Tae Yun Min*
Department of Public Health, Madda Walabu University, Robe, Ethiopia
Received: 03-Jun-2023, Manuscript No. JCROA-23-101238; Editor assigned: 06-Jun-2023, Pre QC No. JCROA-23-101238 (PQ); Reviewed: 21-Jun-2023, QC No. JCROA-23-101238; Revised: 28-Jun-2023, Manuscript No. JCROA-23-101238 (R); Published: 05-Jul-2023, DOI: 10.4172/jclinresp.5.S4.04
Citation: Min TY. Selection of the Type of Mechanical Ventilation Methods for Patients with COPD and its Goals. J Clin Res. 2023;5:004.
Copyright: © 2023 Min TY. This is an open-access article distributed under the terms of the Creative Commons Attribution License, which permits unrestricted use, distribution, and reproduction in any medium, provided the original author and source are credited.
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About 10%-15% of patients with chronic obstructive lung disease develop respiratory failure and patients with COPD have core pulmonate. COPD is often associated with acute exacerbations of symptoms. In moderate to severe COPD, an exacerbation is associated with not only increased cough, sputum production and breathlessness but often acute respiratory failure. The mortality o COPD patients admitted to hospital for an acute exacerbation is approximately 10% and the long term outcome is poor. Hospitalization for acute exacerbations leads to a significant healthcare burden. Ventilatory support one of the active medical intervention measures, is of great importance in the management of COPD patients with acute exacerbation.
Rationale for mechanical ventilation
COPD is characterised by the presence of chronic airflow obstruction often associated with emphysema. This airflow obstruction is caused in part by airway inflammation and in part by the loss of alveolar septal tethering of small airways that accompanies the destructive changes of alveoli. During the chronic process, recurrent acute exacerbations lead to progressive increase in dyspnea and even development of respiratory failure due to the deterioration of airflow obstruction. In patients with COPD inspiratory muscles fatigue may contribute to the development of respiratory failure. In moderate to severe COPD, inspiratory muscles often function poorly for a number of reasons. First, increased airway resistance increases the work load of respiratory muscle. Second, diaphragm flattening and over inflation of the chest cavity often occur as emphysema is worsening because of elevated functional residual capacity. Dynamic hyperflation has been frequently observed in COPD patients not only during exercise but also during breathing at rest. Both emphysema and dynamic hyperinflation put the inspiratory muscles to mechanical disadvantage leading to increase in work load and decrease in force. This article demonstrated that both increased lung volume and threshold loading caused by dynamic hyperinflation contributed to the development of dyspnoea. Other factors contributing to the weakness of the diaphragms include malnutrition, muscle atrophy, hypoxaemia and hypercapnia. It has been shown that patients with moderate COPD failed to generate higher transdiaphragmatic pressure in response to increased ventilator demand. They developed abdominal paradoxical breathing during incremental maximal exercise suggesting diaphragmatic fatigue. The imbalance between mechanical load and inspiratory muscle capacity predisposes to inspiratory muscle fatigue and pump failure. As lung function deteriorates, hypoxaemia and hypercapnia develop, further reducing the force of inspiratory muscles. The presence of hypercapnia often indicates task failure of the inspiratory pump. Based on the above findings, assisted mechanical ventilation may eliminate inspiratory muscle fatigue and lung volume reduction surgery may improve the inspiratory muscle function in selected patients.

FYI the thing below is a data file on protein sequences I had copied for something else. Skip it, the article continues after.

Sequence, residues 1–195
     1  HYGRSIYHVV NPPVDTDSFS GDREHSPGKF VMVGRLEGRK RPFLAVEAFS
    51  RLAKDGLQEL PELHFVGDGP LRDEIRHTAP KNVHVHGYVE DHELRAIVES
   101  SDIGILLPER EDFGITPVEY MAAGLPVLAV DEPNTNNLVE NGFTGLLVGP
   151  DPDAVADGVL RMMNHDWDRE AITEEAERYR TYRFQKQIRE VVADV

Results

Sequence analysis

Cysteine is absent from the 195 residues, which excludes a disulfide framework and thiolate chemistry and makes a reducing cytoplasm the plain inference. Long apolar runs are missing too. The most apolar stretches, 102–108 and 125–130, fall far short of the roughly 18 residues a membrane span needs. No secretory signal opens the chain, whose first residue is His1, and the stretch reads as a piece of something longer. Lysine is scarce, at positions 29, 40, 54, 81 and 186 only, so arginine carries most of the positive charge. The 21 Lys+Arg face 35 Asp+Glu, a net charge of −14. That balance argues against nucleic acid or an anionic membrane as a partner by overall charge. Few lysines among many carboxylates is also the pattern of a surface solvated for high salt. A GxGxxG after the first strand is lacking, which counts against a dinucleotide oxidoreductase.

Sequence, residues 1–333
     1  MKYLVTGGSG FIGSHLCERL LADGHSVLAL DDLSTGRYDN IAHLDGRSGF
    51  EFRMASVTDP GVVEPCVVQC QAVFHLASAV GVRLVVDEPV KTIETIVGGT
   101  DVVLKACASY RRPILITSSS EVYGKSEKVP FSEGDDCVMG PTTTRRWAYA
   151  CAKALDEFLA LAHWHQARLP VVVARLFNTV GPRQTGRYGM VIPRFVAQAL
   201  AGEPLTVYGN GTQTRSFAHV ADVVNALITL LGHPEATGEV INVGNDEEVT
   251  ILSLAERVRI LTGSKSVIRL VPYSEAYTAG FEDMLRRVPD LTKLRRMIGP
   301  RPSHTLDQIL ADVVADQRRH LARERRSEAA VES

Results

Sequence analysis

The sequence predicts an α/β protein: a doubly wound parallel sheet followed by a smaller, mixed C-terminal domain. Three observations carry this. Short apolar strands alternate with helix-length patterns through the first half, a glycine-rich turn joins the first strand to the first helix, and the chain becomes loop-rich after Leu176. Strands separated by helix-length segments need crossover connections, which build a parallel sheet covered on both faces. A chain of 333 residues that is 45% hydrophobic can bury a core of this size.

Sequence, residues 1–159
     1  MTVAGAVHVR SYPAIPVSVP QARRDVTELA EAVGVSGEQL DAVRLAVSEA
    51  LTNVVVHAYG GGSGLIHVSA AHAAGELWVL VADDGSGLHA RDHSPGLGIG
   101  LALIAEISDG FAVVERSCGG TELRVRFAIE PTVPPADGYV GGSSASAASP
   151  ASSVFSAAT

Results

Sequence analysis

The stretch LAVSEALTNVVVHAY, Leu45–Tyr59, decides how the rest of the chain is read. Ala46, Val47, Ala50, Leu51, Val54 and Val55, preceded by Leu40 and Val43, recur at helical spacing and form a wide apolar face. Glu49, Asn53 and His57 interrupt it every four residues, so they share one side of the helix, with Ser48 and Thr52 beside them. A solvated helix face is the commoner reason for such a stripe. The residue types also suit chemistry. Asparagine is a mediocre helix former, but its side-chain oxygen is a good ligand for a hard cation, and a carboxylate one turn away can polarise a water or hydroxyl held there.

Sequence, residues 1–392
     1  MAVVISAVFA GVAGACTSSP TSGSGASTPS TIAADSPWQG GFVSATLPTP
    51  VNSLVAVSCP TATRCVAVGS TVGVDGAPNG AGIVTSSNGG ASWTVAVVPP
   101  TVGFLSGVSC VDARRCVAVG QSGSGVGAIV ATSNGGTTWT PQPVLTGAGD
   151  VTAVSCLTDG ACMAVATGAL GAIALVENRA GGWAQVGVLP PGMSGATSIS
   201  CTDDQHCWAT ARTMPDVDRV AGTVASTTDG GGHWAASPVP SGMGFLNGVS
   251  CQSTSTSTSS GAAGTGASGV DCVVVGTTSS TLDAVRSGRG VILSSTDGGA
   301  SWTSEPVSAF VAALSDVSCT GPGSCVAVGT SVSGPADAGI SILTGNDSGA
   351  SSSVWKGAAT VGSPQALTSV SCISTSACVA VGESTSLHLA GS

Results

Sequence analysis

The goals of mechanical ventilation in COPD are as following:
i. To reverse hypoxemia that has not been corrected with supplemental oxygen delivered either by nasal cannula or face mask
ii. To reverse severe respiratory acidosis
iii. To relieve respiratory distress and respiratory muscle fatigue
Non-invasive mechanical ventilation co-units of intermittent negative pressure ventilation and non invasive positive pressure ventilation via face or nasal mask. Both NPV and NIPPV have been used for the management of COPD patients. In general, although NPV is effective in reducing electrical excitation and mechanical activities of inspiratory muscles as well as improving dyspnoea and arterial blood gases in COPD patients, NPV is less effective than NIPPV as it limits the patients activities such as sleep disturbance, oesophageal sphincter dysfunction, development of obstructive apnoea with short inspiratory time. NIPPV is commonly used in management of COPD as it is easily triggered with better synchronization with the patients breathing efforts.